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How much has teaching changed in the last couple of years?

(15 Posts)
whereisvioleta Tue 09-Dec-14 06:22:21

I haven't taught in a state school since 2008 - I loved it, but did find it exhausting and challenging at times. If I were to go back to teaching in the state sector now, how different, generally speaking, is a teacher's day to day experience now compared with back then? I read a lot on here about how the workload and stress levels have ramped up dramatically recently - is this the reality I ought to prepare for? Many thanks.

MyPreciousRing Tue 09-Dec-14 06:34:29

Message withdrawn at poster's request.

mrsmilesmatheson Tue 09-Dec-14 06:42:49

It's the best job in the world. Ruined by distrust, impossible targets and constant scrutiny with complete lack of thanks or positivity.

whereisvioleta Tue 09-Dec-14 19:00:11

Thanks for your replies. It's both sad and scary to hear what you're saying hmm

MyPreciousRing Tue 09-Dec-14 20:46:07

Message withdrawn at poster's request.

whereisvioleta Tue 09-Dec-14 21:31:11

No I'm sorry! I meant sad for you guys! And I guess teachers in general. It really sounds dire just now.

phlebasconsidered Thu 11-Dec-14 21:58:16

Prepare, but don't die. I left teaching in 2006. I went back in 2011. It has changed, but in the ways you would expect. Yes, YOU are responsible for every childs result. I was initially shocked at the amount of flak I got for failing to move on a child 3 sublevels.

But then, I got my balls back. Hang on. Not everything has changed. You get your teacher head on. I assessed my class. Overlevelled, they were. I sat them SATS. Proved, this was.

To the Pupil Progress Meeting I went. Ridiculed I was. Backed by the LEA ladies I was.

Left the school that bullied I did.

IME, huge numbers of schools are hugely harried by targets and progress on SIMS than prior to my leaving. Figures, not kids, matter. Results, not kids, matter. It sounds daft, but the idea that one childs level 3 might be an Everest and an amazing win has GONE. Unless they are are SEN, SA+ and so on.

I coped by finding a small school with an ethos I liked. Like the old ethos: every child matters. They do still exist, but they are hunted out of existence.

I also went part-time. This saved me.

SilentAllTheseYears Sat 13-Dec-14 08:07:47

paperwork, paperwork and more paperwork. My teacher friend is telling me about more and more pupil progress meetings and how her TA is having to do paperwork showing how the pupils they work with are making progress.

JumpingJetFlash Sat 13-Dec-14 21:40:05

If you thought the workload was bad in 2008, don't go back! I left this year after 14 years because it just got too much and that's with being part time. It's NEVER enough no matter how much you do hmm I've only ever wanted to be a teacher and my family are shocked that I've walked away but I feel like I am me again!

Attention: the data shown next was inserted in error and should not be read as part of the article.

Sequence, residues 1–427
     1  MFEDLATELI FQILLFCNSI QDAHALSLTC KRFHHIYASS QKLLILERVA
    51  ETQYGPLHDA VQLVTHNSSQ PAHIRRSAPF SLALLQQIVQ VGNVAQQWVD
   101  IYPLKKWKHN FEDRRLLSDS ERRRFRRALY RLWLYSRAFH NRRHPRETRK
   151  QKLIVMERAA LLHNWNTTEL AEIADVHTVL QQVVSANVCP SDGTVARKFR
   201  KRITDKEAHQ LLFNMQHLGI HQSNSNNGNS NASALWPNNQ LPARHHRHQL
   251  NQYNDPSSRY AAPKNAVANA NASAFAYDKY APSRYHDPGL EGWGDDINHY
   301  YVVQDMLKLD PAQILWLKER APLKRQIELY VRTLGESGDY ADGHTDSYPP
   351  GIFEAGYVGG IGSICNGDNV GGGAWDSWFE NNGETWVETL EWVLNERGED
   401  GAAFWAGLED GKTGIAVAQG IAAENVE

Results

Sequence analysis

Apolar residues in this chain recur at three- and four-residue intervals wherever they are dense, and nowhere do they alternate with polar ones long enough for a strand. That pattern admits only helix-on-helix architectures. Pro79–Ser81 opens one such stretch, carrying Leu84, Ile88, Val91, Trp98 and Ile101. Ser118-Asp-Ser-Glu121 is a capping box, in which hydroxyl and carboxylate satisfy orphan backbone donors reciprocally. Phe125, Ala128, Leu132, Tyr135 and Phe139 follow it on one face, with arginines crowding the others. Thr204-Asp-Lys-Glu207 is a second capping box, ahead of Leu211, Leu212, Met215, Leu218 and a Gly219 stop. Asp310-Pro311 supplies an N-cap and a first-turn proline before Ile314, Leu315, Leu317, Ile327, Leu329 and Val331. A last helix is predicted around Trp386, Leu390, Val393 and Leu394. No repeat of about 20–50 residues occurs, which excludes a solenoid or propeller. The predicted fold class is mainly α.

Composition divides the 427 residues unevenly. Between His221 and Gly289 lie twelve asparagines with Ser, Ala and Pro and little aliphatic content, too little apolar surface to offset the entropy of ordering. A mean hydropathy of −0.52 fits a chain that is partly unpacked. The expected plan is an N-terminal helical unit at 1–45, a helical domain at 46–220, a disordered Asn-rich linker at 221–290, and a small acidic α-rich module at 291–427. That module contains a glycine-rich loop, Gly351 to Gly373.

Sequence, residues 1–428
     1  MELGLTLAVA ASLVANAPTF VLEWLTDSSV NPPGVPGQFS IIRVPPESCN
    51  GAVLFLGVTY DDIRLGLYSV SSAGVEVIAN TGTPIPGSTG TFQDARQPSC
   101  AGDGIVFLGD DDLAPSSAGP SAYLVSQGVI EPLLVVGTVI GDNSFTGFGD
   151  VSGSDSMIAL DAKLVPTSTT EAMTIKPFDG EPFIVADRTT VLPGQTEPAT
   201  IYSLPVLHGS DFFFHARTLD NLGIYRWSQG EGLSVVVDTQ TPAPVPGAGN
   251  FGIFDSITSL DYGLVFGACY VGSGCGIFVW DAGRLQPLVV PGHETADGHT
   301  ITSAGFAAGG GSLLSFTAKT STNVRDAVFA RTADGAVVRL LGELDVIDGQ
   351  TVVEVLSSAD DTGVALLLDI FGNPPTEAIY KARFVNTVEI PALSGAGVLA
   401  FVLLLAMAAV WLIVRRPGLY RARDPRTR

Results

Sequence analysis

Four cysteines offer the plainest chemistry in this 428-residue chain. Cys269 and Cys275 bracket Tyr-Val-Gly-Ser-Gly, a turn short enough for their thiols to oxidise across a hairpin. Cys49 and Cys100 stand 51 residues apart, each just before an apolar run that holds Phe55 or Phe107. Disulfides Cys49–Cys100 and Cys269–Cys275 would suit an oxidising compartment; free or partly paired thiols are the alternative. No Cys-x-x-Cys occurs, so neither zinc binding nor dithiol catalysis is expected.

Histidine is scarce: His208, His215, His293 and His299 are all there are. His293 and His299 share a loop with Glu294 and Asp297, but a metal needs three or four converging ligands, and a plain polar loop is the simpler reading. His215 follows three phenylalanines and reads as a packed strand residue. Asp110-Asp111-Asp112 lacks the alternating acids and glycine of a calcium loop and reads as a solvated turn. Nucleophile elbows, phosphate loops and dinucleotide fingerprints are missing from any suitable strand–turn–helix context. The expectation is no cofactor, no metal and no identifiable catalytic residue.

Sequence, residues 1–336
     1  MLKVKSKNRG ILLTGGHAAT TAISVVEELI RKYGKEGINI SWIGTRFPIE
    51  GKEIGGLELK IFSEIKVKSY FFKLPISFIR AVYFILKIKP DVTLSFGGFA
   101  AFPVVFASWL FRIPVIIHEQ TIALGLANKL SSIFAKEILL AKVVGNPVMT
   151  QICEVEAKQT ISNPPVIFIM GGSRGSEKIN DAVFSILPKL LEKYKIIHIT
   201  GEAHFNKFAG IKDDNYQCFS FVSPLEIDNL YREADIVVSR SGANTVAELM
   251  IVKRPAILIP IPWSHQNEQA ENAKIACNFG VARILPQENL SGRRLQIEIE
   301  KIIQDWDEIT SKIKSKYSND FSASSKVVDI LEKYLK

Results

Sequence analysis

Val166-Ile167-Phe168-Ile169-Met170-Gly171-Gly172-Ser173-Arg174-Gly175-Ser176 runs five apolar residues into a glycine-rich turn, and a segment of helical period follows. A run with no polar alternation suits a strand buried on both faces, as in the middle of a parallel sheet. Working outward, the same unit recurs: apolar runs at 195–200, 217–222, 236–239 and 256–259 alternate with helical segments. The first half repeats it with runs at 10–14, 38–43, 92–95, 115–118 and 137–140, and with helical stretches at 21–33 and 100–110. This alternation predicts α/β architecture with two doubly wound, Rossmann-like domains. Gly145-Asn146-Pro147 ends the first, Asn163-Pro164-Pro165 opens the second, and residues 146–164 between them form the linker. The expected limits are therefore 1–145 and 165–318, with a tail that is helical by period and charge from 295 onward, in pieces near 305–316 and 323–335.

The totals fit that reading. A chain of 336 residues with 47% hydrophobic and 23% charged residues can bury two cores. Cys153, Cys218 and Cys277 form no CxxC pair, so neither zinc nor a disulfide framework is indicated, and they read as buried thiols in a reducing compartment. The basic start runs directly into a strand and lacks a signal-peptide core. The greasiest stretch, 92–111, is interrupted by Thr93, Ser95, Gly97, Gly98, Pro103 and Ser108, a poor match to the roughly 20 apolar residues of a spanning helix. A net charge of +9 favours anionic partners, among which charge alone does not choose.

serendipityspeaks Mon 15-Dec-14 22:33:15

Target driven culture. All that matters right now are results. I've been witness now to two different heads cheating - one because my friend teaches my son and I was told that she was given two different sets of levels after the children left year 1 - a set that the parents were given and the actual levels. The school got outstanding in their ofsted report that year and they were also top of the league tables, the congratulatory letter from the LEA is framed outside the office. The other head is the one I work for who gets rid of pupils who aren't making progress, cheats for children on their sats, adds 'missing' data as needed and goes along the merry path of making their school desirable, achieving and a mockery of everything education should stand for. I hate being a part of this system right now, it is soul crushing and I don't know how to even attempt to change things.

Wolfiefan Mon 15-Dec-14 22:35:39

It has changed enough to push me out. Results matter children and teachers don't.

mineofuselessinformation Mon 15-Dec-14 22:40:12

In my last school, observations were all about what the students said, even if I could prove otherwise.... (I'm talking about a couple of criticisms eg over-reliance on a particular style of setting homework for example.)
My new school, not so much. It really is the luck of the draw, combined with gut feeling these days.

thatsn0tmyname Mon 15-Dec-14 22:40:14

I'm now part time with no responsibility which has renewed my enthusiasm for the nuts and bolts. Planning, teaching, marking. Any other admin dross is done as quickly and efficiently as possible. Levels have been scrapped (thanks Gove) so now we have an inset in Jan to come up with a whole new system. No one yet knows how we'll pull that off.

holmessweetholmes Wed 17-Dec-14 20:56:06

It's awful. I want out, like half the profession seems to. sad

MillionairesShortbread Wed 17-Dec-14 21:01:53

Everynow and then I look at my lovely yr1 child with a real zest for learning and excitement and intelligence... and then look at the junior schools obsessed with levels (as they have to be) and targets on each piece of work and grades.... and wonder about homeschooling for a bit. (Former secondary teacher)

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